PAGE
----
Finding the soul in a flesh eating zombie

If you’re a regular reader of this blog, you’ll know that NaNoWriMo 2012 threw up an interesting development for my writing. I didn’t know what to write or where to start, but then on Nov 4th or 5th, a zombie story crept into my mind. What if the apocalypse was over? What if scientists had found a drug that whilst not curing ‘zombification’, managed to pacify these flesh eating little buggers? I quickly hammered out a first rough chapter and have continued to write between completing other works, so I’m hoping this novella will be complete in the next week or so.

Meat_Grinder_zombie_(7265759848)One of the biggest problems/intricacies that I’ve found is in bringing the soul back into creatures who’s traditional goal in life is to consume as much living flesh as possible. It is a zombie novel after all, so there needs to be a certain amount of gore. Yet, in this story the zombies have been pacified through drug use, and the drug has an unexpected side effect in some creatures that results in a shadow of their former humanity beginning to shine through. It’s a difficult line – killing machine one minute, friendly soul the next?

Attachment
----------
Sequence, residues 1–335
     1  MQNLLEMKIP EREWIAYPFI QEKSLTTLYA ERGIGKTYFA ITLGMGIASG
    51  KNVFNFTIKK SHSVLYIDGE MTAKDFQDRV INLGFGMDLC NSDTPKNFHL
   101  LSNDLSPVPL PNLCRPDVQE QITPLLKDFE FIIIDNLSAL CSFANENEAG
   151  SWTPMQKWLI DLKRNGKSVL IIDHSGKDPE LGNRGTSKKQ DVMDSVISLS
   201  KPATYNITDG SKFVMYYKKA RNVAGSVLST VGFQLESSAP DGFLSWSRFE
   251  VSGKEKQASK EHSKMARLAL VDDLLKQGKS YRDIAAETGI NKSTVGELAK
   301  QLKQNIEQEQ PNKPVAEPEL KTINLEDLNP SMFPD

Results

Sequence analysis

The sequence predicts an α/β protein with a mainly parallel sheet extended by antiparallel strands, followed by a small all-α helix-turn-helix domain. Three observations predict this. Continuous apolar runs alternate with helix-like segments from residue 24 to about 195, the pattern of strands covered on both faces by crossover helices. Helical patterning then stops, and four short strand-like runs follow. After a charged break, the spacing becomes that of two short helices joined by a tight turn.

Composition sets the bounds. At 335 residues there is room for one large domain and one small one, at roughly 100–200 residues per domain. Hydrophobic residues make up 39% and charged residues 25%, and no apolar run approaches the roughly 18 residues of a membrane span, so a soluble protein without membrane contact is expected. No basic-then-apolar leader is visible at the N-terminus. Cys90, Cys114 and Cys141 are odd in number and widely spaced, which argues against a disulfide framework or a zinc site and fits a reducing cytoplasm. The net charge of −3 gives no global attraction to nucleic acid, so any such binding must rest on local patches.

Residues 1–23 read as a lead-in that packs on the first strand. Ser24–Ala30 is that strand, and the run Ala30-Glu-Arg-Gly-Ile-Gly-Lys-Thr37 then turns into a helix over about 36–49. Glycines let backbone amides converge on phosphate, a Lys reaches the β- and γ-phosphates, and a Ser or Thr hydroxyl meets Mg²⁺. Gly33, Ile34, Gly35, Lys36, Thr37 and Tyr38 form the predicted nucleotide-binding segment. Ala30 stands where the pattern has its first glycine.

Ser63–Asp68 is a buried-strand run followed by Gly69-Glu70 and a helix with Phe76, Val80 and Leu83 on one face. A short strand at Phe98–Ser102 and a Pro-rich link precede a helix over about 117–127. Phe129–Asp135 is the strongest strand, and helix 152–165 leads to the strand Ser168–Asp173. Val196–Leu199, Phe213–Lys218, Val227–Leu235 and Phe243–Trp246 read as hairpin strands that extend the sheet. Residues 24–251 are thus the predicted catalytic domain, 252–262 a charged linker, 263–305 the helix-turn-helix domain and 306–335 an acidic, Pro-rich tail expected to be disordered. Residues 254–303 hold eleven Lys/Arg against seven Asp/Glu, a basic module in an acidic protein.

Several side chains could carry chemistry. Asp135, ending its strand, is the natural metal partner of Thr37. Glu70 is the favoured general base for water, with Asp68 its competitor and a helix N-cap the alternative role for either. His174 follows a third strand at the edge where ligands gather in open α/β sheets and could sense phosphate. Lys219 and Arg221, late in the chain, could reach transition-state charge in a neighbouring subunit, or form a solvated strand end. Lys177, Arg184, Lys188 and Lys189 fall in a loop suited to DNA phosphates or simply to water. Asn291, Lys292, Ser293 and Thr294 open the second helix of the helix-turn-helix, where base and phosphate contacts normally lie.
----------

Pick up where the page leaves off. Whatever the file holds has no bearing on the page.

I wouldn’t say that any of the zombies in my novel are ‘friendly’. And how much soul and compassion can you really find for someone who’s had their head half torn off, who’s skin has become leathery and dessicated, who you know that as soon as the drugs wear off they’ll be chowing down on your face? That’s the tricky line. Plus, my main protagonist finds himself strangely drawn to one particular zombie. A creature with dark eyes, an attractive figure, a fierce and intense aura about himself. He should be repulsed by the cold flesh, but attracted, so finding the medium between allowing lust to grow whilst not appearing too socially depraved has been interesting….and fun! So far the new novella has been a blast to write about, and a topic I never thought I’d ever cover! I can’t wait to finish and see what happens!

**This post is part of a blog hop! To hop along to the next zombie read, visit Precious Monsters.**


How to create promotional postcards for books

Christmas is coming up and I’m, well, rather under-prepared. It seems like an age ago since I read that interview with Amanda Hocking about self publishing books on Amazon, even though it was only back in February. Since then, life has changed considerably. But this is my first Christmas, and I’ve no idea what sort of promotion I should be doing.

Other than writing the article about creating Christmas book hampers, the only other idea I had was to create some actual physical promotional tools. I went to a family christening back in July, and lots of people asked about the books. I told them, chatted about Inside Evil, said ‘oh, you can find them on Amazon,’ but I had nothing to give. This Christmas I decided to go one step further and create some postcards that I could hand out.